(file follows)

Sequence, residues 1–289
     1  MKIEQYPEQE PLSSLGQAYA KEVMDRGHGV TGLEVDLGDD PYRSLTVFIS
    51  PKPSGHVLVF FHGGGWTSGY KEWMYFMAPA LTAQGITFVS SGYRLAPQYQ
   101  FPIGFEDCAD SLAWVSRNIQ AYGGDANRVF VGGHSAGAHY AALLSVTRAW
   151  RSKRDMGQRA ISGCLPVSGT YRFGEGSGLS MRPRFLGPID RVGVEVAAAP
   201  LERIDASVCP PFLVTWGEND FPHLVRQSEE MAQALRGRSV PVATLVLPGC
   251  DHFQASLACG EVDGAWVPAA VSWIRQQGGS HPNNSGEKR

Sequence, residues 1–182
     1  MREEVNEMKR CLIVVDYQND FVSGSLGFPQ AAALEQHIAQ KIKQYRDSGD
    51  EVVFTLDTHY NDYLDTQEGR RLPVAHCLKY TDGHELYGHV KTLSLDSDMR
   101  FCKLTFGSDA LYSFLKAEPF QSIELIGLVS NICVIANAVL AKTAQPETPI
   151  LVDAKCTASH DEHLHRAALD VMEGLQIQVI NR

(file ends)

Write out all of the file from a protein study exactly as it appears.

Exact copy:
Sequence, residues 1–289
     1  MKIEQYPEQE PLSSLGQAYA KEVMDRGHGV TGLEVDLGDD PYRSLTVFIS
    51  PKPSGHVLVF FHGGGWTSGY KEWMYFMAPA LTAQGITFVS SGYRLAPQYQ
   101  FPIGFEDCAD SLAWVSRNIQ AYGGDANRVF VGGHSAGAHY AALLSVTRAW
   151  RSKRDMGQRA ISGCLPVSGT YRFGEGSGLS MRPRFLGPID RVGVEVAAAP
   201  LERIDASVCP PFLVTWGEND FPHLVRQSEE MAQALRGRSV PVATLVLPGC
   251  DHFQASLACG EVDGAWVPAA VSWIRQQGGS HPNNSGEKR

Sequence, residues 1–182
     1  MREEVNEMKR CLIVVDYQND FVSGSLGFPQ AAALEQHIAQ KIKQYRDSGD
    51  EVVFTLDTHY NDYLDTQEGR RLPVAHCLKY TDGHELYGHV KTLSLDSDMR
   101  FCKLTFGSDA LYSFLKAEPF QSIELIGLVS NICVIANAVL AKTAQPETPI
   151  LVDAKCTASH DEHLHRAALD VMEGLQIQVI NR